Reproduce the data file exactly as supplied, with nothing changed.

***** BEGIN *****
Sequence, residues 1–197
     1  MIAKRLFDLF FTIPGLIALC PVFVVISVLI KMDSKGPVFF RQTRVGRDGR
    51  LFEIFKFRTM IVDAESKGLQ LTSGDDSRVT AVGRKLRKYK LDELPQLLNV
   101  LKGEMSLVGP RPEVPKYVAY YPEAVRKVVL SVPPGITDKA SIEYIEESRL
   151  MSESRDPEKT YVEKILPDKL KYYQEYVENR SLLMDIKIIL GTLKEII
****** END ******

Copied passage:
Sequence, residues 1–197
     1  MIAKRLFDLF FTIPGLIALC PVFVVISVLI KMDSKGPVFF RQTRVGRDGR
    51  LFEIFKFRTM IVDAESKGLQ LTSGDDSRVT AVGRKLRKYK LDELPQLLNV
   101  LKGEMSLVGP RPEVPKYVAY YPEAVRKVVL SVPPGITDKA SIEYIEESRL
   151  MSESRDPEKT YVEKILPDKL KYYQEYVENR SLLMDIKIIL GTLKEII